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Conservation of Southern Indian Ferns

Volume 3 Number 3 - December 1999

V.S. Manickam

The writer has thoroughly explored the Western Ghats of India for the past thirty years, and has collected about 10,000 specimens of some 300 species of pteridophyte. These specimens are deposited in the herbarium of St Xavier's College. He has also published a paper in the British Fern Gazette on the rare and endangered ferns of the Western Ghats.

The Indian Government's Ministry of Environment and Forests is currently sponsoring a project for the micropropagation, using tissue culture, of eight endangered fern species. So far Miss Catharin Sara has raised Cyathea crinita and Thelypteris confluens through spore culture, and these species are growing in the greenhouse attached to the Biodiversity Centre. She has also raised prothalli of two more endangered species – Pyrrosia lanceolata and Athyrium nigripes. Another research scholar, Mr S Vallinayagam, has obtained prothalli of Hypodematium crenatum and Diplazium cognatum.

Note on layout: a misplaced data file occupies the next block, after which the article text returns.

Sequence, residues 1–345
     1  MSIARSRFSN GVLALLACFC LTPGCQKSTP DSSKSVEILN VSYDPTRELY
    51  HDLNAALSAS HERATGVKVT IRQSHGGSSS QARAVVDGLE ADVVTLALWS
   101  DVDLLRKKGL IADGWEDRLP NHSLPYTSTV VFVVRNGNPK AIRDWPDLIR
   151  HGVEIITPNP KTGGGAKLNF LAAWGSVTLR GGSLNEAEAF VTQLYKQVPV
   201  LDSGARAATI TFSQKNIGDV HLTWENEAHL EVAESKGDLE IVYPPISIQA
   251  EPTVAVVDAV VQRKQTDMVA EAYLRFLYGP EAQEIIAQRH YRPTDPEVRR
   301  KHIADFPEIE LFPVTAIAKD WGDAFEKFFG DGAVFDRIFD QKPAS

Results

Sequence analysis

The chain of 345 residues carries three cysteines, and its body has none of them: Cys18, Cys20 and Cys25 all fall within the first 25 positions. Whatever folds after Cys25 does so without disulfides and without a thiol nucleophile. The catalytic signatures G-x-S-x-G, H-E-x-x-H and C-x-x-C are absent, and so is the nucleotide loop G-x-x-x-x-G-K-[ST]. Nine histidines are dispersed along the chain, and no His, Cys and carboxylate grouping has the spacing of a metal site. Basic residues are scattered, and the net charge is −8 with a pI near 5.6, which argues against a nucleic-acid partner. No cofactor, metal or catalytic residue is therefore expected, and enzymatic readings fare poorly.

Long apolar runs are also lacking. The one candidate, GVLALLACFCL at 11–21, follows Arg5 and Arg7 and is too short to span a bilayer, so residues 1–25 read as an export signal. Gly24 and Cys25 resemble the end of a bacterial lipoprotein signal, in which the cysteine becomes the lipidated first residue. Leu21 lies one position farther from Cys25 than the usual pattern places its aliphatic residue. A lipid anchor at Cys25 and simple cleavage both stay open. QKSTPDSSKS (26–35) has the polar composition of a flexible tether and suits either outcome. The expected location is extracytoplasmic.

We have about fifty species of fern growing in the Biodiversity Centre greenhouse. Amongst these, Sphaerostephanos unitus and Humata repens are also endangered. It is interesting to note that species such as Dryopteris oppositipinna and Thelypteris confluens, which flourish at altitudes as high as 2400 m, are also growing in the greenhouse.

The Provincial of the Jesuit province of Madurai has donated a hundred acres of forest at Kodaikanal Town in the Palni Hills for the development of a botanic garden. This undisturbed area of forest, situated at about 1600 m altitude, is suitable for growing both low-altitude and high-altitude species. The author has himself recorded 400 species of flowering plants in this forest area.

The Indian Government's Ministry of Environment and Forests has recently authorised a sum of US$ 25,000 for developing the infrastucture needed for the new botanic garden. The writer is planning to set up a floricultural centre in the neighbourhood, using local people. Plants of horticultural importance such as gerberas, lilies, gladioli and anthuriums will be cultivated. The endangered ferns which have been micropropagated at Palayamkottai, along with other Indian ferns, will also be cultivated in this centre.